Arch BridgeArch Bridge-These types of bridge have curved arch abutments at either end. Arch bridges function by partially shifting the weight of the bridge and its loads into a horizontal thrust controlled by abutments on each side.

Beam BridgeBeam Bridge– In terms of structural design, beam bridges have the simplest spans, which are supported by abutments or piers at each end. As well as the Beam Bridge, there is also the Girder Bridge.

Cantilever BridgeCantilever Bridge- One-end-supported structures called cantilevers are used to construct cantilever bridges, which protrude horizontally into space

Suspension BridgeSuspension Bridge-Suspension bridges are one of the most common types of bridges. It has a cable support system that distributes the bridge deck’s weight between the two towers. The tension pressures in the cables are transformed into compression forces in the piers, which ultimately extend to the ground.

Cable-Stayed BridgeCable-Stayed Bridge- One of the most common types of bridges is the cable-stayed bridge, which uses towers to support the continuous girder with inclination stays. It is a continuous-girder bridge supported by elastic supports from the mechanical point of view.Tied-Arch BridgeTied-Arch Bridge- It’s an arch bridge with outward-directed horizontal pressures carried by a chord that ties the arch ends together, rather than by the earth or bridge foundations. In certain cases, the deck structure itself is reinforced, while in others, tie rods are used.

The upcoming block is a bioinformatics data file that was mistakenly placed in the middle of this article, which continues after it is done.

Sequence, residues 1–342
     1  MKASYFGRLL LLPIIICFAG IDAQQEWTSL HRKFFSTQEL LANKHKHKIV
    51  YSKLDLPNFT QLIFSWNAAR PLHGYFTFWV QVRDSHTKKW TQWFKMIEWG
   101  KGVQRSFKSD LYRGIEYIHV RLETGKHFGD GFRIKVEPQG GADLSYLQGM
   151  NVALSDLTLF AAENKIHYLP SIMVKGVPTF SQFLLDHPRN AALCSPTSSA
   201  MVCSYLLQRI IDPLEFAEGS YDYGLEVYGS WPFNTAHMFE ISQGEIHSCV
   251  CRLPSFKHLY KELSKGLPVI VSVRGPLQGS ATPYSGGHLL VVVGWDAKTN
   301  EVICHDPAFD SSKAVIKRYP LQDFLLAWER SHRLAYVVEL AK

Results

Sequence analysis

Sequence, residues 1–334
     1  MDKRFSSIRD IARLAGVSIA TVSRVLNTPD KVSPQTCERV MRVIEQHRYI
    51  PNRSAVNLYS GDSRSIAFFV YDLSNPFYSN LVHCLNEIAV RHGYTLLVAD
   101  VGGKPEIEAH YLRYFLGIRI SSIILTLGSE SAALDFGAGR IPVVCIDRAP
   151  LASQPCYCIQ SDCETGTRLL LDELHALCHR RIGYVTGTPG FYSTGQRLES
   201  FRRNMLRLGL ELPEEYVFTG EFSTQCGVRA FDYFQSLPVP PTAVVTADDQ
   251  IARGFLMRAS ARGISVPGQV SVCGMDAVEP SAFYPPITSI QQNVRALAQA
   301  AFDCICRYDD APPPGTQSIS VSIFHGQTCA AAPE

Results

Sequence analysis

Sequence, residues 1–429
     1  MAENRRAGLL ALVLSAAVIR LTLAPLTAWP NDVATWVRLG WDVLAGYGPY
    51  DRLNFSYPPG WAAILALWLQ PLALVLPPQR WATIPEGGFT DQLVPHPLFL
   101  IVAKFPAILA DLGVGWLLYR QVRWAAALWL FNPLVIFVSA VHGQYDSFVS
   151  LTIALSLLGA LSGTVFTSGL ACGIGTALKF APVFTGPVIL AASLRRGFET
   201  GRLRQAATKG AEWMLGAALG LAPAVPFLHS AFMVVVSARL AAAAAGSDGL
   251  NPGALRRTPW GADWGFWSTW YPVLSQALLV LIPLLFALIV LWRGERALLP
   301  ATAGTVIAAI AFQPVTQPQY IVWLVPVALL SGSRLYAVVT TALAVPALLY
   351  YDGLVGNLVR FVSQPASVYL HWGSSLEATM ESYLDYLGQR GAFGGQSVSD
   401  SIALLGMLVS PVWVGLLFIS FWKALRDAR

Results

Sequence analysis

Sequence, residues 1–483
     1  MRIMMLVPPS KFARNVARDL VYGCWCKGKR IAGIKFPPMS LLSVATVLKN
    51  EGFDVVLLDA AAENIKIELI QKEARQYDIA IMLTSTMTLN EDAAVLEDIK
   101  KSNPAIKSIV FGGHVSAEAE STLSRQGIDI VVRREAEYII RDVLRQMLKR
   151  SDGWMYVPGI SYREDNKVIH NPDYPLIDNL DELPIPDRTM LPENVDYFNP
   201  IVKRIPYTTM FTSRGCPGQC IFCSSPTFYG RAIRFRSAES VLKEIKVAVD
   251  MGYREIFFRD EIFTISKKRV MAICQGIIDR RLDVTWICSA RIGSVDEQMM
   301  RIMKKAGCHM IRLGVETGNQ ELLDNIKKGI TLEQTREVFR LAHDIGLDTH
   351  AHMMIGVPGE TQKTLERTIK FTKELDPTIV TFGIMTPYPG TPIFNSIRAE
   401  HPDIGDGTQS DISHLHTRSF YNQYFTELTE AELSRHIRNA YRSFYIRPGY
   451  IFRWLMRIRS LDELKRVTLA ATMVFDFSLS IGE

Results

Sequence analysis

Truss BridgeTruss Bridge- As the name implies, the load-bearing structure of a truss bridge is made up of interconnected triangular sections that create a truss. These (usually straight) components may be strained by tension or compression or both as a result of dynamic loads applied to them.